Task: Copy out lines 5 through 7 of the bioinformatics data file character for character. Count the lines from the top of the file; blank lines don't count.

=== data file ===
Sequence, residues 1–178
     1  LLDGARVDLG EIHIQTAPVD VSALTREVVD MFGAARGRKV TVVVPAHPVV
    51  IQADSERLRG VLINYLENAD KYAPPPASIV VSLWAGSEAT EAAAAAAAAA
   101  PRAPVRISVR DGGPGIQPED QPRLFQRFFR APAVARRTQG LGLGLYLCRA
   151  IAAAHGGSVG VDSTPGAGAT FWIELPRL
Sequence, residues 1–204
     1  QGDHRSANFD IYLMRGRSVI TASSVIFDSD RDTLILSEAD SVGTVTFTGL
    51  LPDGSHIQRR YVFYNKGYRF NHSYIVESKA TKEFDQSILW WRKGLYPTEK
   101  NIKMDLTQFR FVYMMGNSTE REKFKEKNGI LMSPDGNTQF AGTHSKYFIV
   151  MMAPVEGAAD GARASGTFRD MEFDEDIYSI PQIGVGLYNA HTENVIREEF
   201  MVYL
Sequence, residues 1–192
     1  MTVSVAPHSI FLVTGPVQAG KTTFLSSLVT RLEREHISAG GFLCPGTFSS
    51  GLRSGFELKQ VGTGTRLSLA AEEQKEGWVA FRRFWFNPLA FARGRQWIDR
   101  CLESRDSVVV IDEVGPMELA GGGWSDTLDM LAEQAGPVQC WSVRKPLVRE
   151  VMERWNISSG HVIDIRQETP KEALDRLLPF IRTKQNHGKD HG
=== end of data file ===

   151  IAAAHGGSVG VDSTPGAGAT FWIELPRL
Sequence, residues 1–204
     1  QGDHRSANFD IYLMRGRSVI TASSVIFDSD RDTLILSEAD SVGTVTFTGL